No stranger to playing through the pain, Collingwood skipper Scott Pendlebury appears likely to line up against GWS just days after breaking his finger.
Pendlebury trained fully on Thursday and did not appear restricted, marking with both hands while wearing a guard on the surgically-repaired digit.
Coach Nathan Buckley said Pendlebury had been given the green light from his surgeon and would line up against the Giants on Saturday if he felt ready.
Fellow midfielder Taylor Adams (groin) and backman Jeremy Howe (calf) also trained strongly and appeared certain to return.
Buckley joked that Pendlebury had his own scriptwriter, such was his ability to overcome the pain barrier when his club needed him to.
The five-time All-Australian made a desperate but ultimately unsuccessful bid to play in Collingwood's 2009 qualifying final after breaking his leg a fortnight earlier.
He also battled through last year's finals despite being admitted to hospital with a viral illness, then copping a knock to the head which left him unable to eat solid foods.
The Magpies are confident Pendlebury risks no further damage to the broken middle finger on his left hand by playing on the weekend.
"I think he got the all-clear from the surgeon this morning in regards to the wound itself," Buckley said.
"It'll just be a case of whether he feels he can complete everything that he needs to or be able to handle what the game's going to ask of him.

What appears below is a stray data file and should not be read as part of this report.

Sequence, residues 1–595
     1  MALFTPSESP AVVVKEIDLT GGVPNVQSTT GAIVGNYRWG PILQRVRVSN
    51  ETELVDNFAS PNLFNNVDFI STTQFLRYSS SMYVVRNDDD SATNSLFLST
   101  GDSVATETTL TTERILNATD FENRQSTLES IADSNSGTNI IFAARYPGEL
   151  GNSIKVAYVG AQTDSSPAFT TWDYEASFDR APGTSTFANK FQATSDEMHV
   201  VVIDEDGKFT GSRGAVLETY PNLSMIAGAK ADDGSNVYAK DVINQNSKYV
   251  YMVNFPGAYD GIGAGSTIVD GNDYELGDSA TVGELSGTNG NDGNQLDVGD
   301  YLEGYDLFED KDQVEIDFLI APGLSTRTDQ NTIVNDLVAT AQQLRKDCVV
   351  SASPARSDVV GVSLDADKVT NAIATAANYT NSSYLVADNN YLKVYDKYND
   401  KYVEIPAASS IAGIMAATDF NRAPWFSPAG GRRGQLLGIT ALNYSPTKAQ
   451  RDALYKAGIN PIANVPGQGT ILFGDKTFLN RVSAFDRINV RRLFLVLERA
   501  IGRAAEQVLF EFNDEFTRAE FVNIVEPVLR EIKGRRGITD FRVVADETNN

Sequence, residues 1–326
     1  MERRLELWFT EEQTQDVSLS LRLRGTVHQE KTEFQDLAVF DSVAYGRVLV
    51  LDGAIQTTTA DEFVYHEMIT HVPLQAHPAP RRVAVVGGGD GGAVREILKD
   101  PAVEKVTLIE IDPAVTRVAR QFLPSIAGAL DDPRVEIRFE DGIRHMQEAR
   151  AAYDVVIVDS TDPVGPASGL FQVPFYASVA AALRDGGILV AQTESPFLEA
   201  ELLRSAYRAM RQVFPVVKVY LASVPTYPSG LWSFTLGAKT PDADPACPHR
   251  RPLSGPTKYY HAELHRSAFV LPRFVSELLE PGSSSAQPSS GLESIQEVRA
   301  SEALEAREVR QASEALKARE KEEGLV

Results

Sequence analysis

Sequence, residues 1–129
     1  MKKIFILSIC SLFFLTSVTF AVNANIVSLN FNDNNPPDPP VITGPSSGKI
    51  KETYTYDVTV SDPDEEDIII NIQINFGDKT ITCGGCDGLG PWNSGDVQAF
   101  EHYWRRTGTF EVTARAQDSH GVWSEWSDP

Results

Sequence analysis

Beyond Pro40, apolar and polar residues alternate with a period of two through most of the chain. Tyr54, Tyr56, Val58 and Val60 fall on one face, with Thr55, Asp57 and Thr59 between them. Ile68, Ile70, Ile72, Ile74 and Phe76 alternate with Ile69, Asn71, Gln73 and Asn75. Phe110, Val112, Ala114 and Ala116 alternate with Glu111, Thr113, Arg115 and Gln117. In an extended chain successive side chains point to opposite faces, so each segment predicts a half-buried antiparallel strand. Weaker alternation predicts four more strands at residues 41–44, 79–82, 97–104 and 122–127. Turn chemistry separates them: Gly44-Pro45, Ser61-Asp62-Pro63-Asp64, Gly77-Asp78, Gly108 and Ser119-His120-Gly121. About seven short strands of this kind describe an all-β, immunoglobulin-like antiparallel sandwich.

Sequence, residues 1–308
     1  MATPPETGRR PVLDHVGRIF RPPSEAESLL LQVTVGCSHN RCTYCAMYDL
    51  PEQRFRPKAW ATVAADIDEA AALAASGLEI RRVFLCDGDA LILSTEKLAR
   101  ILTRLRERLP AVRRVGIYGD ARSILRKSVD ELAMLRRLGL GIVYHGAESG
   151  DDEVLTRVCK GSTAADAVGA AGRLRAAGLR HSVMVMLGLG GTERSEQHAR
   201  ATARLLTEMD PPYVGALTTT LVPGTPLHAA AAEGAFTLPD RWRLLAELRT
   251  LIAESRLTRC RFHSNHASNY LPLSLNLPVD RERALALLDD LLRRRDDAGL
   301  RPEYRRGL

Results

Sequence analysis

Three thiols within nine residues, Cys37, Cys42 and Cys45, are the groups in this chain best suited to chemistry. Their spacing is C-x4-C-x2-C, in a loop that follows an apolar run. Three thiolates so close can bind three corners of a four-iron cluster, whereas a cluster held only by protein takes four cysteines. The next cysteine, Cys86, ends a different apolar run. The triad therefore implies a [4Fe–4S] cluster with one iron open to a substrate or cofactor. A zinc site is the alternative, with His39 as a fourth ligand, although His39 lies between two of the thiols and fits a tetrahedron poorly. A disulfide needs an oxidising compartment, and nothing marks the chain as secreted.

"He's got his own scriptwriter for that. Just backs against the wall stuff.
"But as I was talking to him about that before training, there's a difference (between) injuries in-game and going in with an injury because you just get it done when they happen in-game."
With six weeks left to secure a top-two finish, the respective return of Adams and Howe is welcome news for a Collingwood side that sits second on the ladder after coming from behind to beat premiers West Coast by a point.
Adams looked in top shape at Thursday's training, having been restricted to just five games this season.
"He's a ripping unit," Buckley said.
"Professional athletes come in all shapes and sizes but as far as professionalism goes, Tay's right up there. And he has a real hunger to see where he can take his career.
"His improvement over the last three or four years has been profound, particularly over the last couple."
Australian Associated Press